This secret technique is actually inside karate fighting systems, as well as kung fu fighting systems, or just about any martial art you want to name. The reason for this is because it is a basic motion of the arms. This basic motion, once understood, will give rise to virtually all the techniques of the martial arts.
Stand naturally, feet shoulder width and extend the arms straight out in front of the body. Bend the arms slightly and circle the arms in front of your body in a clockwise direction. The circles should be about three feet in diameter, and should overlap by about a foot.
As you do these circles you will travel through a series of blocks. At one point your right arm will be a high block and your left arm in a low block. As you continue the clockwise circle of the arms you will suddenly find your right arm in an inverted low block (back of the wrist protecting the groin) and your left arm in a palm block (protecting the face).
Anybody who strikes at you will encounter one of these blocks, or fall into the swirling motion of your arms. You can angle the blocks and cause all manner of deflections and manipulations simply by adjusting the footwork. Take a step, turn the hips, pivot, all will change the angle of the circles in front of you, and you will find other types of blocks.
If you maintain distance and focus the circles you can make the blocks hard and bruising. If you step into a person and circle the attacking arm you will find a lever and a joint manipulation or a throw, as in Gracie Jujitsu. Tighten it up and charge at a person and you will end up with the Bruce Lee blasting technique.
Thus, this circling of the arms is inherent in any art, and most students will play with it at some time in their careers. Unfortunately, they don’t usually explore it to the degree necessary to understand the basic conceptual nature of the circles. Yet, a few decades into the art, an accomplished student will invariably realize the fundamental usefulness of the arm circles.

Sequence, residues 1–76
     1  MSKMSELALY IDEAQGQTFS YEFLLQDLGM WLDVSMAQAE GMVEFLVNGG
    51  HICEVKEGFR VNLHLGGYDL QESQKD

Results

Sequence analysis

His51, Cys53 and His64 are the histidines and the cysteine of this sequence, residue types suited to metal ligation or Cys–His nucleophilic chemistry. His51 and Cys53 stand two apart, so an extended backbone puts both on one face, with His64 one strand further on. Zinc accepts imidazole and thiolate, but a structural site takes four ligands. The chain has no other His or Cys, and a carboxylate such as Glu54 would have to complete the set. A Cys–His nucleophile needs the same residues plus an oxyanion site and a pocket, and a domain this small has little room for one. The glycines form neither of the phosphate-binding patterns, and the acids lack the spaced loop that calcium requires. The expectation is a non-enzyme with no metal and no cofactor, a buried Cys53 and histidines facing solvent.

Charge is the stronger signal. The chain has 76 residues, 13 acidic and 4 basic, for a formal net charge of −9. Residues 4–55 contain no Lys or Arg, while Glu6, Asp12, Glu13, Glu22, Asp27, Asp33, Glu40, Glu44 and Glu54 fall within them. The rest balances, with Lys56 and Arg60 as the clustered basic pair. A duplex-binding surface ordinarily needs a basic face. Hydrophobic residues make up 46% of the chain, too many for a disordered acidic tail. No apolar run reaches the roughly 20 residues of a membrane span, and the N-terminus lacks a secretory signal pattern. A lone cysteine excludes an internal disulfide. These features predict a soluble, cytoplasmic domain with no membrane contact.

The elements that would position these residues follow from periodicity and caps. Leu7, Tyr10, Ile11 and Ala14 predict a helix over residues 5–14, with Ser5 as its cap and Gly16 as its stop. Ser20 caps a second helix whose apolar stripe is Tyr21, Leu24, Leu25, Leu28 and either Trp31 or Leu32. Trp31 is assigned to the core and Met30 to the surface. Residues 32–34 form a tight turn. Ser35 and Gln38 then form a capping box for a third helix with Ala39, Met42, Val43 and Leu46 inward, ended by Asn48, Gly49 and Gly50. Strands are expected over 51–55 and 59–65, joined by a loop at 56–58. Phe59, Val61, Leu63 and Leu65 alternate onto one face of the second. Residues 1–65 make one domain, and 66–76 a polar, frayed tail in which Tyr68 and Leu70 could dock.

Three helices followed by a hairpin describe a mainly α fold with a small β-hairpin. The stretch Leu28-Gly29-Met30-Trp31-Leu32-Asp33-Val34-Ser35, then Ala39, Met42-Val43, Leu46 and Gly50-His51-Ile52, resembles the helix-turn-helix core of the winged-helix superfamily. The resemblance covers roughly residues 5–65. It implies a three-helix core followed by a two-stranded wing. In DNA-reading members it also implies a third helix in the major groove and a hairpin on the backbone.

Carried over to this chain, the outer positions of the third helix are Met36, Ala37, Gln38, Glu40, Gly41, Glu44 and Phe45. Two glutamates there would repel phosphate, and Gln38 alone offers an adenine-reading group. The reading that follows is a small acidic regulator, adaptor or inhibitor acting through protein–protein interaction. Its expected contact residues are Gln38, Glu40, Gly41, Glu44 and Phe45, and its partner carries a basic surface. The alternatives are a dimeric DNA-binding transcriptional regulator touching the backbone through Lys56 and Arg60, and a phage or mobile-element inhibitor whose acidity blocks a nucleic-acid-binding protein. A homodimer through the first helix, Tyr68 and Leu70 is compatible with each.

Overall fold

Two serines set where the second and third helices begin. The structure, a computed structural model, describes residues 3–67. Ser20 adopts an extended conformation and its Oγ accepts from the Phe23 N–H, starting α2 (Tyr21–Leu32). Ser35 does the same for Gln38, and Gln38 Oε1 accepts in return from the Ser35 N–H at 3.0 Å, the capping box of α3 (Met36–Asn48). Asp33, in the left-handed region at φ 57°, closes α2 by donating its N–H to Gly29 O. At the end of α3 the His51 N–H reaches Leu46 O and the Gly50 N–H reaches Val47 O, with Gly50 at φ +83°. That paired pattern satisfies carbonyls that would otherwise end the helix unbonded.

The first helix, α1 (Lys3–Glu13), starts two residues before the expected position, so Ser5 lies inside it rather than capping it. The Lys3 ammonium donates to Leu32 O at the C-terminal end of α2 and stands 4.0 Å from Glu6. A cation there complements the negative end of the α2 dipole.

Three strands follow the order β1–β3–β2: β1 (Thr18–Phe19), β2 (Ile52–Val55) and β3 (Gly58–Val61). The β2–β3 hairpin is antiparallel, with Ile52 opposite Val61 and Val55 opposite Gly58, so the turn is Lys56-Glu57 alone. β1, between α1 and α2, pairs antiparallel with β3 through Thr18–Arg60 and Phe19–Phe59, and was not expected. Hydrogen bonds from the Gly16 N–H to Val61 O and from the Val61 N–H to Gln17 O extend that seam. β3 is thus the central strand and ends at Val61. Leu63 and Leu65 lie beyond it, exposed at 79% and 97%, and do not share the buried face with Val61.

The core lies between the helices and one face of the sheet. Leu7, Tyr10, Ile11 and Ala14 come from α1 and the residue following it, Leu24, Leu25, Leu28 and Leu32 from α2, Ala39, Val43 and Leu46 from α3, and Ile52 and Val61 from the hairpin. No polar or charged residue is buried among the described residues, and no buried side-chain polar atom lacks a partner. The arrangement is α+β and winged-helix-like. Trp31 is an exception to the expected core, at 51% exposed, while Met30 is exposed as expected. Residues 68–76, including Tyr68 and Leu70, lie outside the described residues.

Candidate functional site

I discovered this move in Pan Gai Noon. The wa-uke circling block is a variation of this fundamental motion. It wasn’t long before I saw it in the various kung fu fighting systems, and then the kenpo fighting art and all the karate fighting systems. I was quick to make it the pivotal point of my own Shaolin Butterfly Kung Fu home study course.
In closing, let me say that this arm motion opens the door to countless fighting techniques. If you reverse the direction of the circles, or reverse the direction of one of the circles, you will find virtually every martial arts technique in existence. Try it, examine your martial arts forms, and you will find that this little concept is at the heart of every martial system, and not just Shaolin Kung Fu Fighting Systems.
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